“It’s like walking down a staircase with cushions on every step”
No matter when you happen to read this in your day, you’ve probably already climbed some stairs. If you’re young and able, you probably didn’t think twice about it. But for some, stairs present accessibility problems, and unless you want to retrofit entire areas, it’s a hard problem to get around.
This week, researchers at Georgia Tech unveiled a new way to take the stairs in the journal PLOS-One. The new system recycles energy and looks like it’s part spring-loaded trampoline and part StairMaster.
The “smart stairs” will more than likely find the most use in private residences where homeowners with conditions such as arthritis need a break from taking the stairs multiple times a day. There is a chance that the technology is adapted elsewhere though, but again, retrofitting is a costly practice for large areas and buildings.
How it all works:
A group of springs helps to support each step, and as you take your first step, the step below you pulls your back foot up and saves you the energy of having to lift it again. When you go down, it softens your landing so there isn’t as much stress on your knees or ankles.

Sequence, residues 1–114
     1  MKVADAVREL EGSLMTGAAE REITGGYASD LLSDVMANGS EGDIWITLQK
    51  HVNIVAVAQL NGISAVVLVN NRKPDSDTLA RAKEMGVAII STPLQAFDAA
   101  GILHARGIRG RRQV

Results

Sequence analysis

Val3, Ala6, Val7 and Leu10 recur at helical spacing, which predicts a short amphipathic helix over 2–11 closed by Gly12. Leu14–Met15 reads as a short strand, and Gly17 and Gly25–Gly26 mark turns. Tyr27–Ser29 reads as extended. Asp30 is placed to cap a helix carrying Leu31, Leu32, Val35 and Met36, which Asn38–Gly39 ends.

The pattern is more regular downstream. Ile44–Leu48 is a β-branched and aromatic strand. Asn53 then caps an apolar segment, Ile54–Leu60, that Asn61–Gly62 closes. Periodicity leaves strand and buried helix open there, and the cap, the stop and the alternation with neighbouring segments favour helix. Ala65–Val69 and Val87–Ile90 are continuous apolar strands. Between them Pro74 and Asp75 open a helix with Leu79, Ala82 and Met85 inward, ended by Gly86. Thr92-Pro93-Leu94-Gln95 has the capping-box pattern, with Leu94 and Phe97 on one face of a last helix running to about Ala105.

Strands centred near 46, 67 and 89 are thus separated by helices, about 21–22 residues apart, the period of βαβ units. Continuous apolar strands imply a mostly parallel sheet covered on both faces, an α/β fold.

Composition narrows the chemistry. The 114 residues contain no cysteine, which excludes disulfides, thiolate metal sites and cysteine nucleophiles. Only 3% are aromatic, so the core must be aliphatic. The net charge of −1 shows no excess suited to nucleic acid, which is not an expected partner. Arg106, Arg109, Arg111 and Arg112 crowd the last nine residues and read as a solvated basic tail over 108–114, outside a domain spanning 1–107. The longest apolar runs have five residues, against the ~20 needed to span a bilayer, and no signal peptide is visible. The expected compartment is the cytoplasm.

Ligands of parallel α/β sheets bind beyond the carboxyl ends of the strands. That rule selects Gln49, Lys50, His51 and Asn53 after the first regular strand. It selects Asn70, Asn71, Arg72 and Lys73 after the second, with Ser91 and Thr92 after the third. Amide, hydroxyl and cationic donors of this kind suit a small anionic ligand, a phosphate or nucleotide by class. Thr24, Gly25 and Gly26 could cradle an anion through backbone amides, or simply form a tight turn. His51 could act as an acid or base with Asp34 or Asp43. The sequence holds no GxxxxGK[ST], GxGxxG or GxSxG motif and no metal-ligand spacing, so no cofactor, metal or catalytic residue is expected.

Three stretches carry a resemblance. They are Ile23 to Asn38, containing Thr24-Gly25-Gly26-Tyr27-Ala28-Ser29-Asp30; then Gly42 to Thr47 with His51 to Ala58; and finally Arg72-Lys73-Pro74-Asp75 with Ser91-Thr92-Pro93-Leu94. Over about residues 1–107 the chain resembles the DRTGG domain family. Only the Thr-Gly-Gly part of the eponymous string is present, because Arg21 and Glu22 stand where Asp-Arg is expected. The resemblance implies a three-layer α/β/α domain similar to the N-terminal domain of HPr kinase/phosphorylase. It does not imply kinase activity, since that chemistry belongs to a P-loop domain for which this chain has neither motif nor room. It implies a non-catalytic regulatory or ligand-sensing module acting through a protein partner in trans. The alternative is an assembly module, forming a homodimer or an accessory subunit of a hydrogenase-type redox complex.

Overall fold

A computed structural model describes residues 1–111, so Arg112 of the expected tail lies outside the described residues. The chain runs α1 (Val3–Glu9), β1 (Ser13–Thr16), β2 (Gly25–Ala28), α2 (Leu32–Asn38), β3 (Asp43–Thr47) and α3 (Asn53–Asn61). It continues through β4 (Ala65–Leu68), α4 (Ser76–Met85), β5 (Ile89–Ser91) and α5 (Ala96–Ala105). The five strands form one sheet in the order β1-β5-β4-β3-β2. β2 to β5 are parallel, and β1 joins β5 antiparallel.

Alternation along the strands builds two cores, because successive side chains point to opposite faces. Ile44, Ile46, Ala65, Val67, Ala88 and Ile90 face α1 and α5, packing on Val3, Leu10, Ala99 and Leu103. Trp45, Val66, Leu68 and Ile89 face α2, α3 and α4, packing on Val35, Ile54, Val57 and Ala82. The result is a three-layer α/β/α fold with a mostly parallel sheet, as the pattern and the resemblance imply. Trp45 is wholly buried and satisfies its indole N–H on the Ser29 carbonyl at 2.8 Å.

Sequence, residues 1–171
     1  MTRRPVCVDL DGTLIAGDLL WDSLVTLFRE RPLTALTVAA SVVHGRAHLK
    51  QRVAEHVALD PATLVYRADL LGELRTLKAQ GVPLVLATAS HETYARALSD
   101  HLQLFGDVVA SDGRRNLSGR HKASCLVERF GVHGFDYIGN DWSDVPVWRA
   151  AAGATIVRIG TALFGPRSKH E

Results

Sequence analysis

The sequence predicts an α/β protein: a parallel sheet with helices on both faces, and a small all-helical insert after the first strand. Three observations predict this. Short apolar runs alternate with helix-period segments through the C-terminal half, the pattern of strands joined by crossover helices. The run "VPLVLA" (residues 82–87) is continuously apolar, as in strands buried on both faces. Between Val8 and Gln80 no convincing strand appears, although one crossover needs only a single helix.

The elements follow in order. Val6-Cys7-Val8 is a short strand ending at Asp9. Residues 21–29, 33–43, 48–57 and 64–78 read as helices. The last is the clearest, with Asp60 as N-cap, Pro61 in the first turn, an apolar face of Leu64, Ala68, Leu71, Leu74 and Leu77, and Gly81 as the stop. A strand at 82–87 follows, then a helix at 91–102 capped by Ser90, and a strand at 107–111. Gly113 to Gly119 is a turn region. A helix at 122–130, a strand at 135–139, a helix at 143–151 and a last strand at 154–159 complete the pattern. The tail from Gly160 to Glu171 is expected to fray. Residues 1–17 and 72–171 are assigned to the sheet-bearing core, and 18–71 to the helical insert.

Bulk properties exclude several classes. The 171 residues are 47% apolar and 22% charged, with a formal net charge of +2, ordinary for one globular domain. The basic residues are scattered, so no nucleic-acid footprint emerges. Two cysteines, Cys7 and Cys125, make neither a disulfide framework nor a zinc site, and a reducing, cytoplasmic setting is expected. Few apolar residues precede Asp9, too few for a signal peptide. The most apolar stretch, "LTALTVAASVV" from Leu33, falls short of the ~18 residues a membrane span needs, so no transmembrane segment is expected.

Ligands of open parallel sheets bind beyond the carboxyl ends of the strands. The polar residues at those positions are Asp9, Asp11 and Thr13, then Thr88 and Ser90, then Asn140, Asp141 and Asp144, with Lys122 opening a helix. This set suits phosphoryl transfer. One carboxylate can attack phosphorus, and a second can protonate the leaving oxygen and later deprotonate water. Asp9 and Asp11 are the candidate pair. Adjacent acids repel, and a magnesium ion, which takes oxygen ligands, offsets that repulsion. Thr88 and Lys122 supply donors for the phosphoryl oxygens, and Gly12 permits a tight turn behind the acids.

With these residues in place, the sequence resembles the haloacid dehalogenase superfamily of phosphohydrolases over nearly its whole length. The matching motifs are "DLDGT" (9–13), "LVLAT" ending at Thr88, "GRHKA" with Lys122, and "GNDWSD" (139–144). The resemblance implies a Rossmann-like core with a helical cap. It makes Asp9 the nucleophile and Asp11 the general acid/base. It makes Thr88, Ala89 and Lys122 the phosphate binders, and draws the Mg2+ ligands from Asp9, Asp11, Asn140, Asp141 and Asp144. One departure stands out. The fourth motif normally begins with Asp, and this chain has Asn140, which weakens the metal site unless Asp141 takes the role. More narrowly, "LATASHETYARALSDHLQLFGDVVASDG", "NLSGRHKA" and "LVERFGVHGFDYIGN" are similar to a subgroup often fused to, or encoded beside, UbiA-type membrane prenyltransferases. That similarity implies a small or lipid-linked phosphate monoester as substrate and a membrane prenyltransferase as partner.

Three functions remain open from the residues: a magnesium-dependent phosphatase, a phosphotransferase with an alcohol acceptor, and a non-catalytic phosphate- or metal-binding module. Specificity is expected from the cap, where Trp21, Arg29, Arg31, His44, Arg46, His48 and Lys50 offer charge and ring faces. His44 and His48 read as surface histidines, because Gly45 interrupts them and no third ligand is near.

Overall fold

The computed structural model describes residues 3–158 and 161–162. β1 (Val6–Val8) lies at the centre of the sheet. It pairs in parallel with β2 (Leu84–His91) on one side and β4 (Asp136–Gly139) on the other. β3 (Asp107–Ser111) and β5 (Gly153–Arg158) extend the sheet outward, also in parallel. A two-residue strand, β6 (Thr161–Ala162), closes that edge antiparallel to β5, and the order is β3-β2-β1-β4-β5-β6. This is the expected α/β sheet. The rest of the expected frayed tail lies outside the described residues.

“It’s like walking down a staircase with cushions on every step,” says Dr. Yun Seong Song, a researcher who worked on the project. “People with reduced mobility can stay at their own homes and enjoy their usual life rather than having to move to another place with no stairs.”
Right now, the prototype is only two steps. Early research shows that the system can save you 17.4% effort going up the stairs and 21.9% coming down. The two-step test platform cost about $1,000 to make, but the researchers think that for a full flight of stairs the cost will be about $100 per step. To put that into perspective, there are 1,576 steps in the Empire State Building, so it would cost about $157,600 to turn the iconic New York City building into a smart-stair haven.
The next goal for the researchers is to test the device on people who it will probably be most used by. The researchers who designed it are all able-bodied and young, so a test subject with movement problems will be a valuable source of info.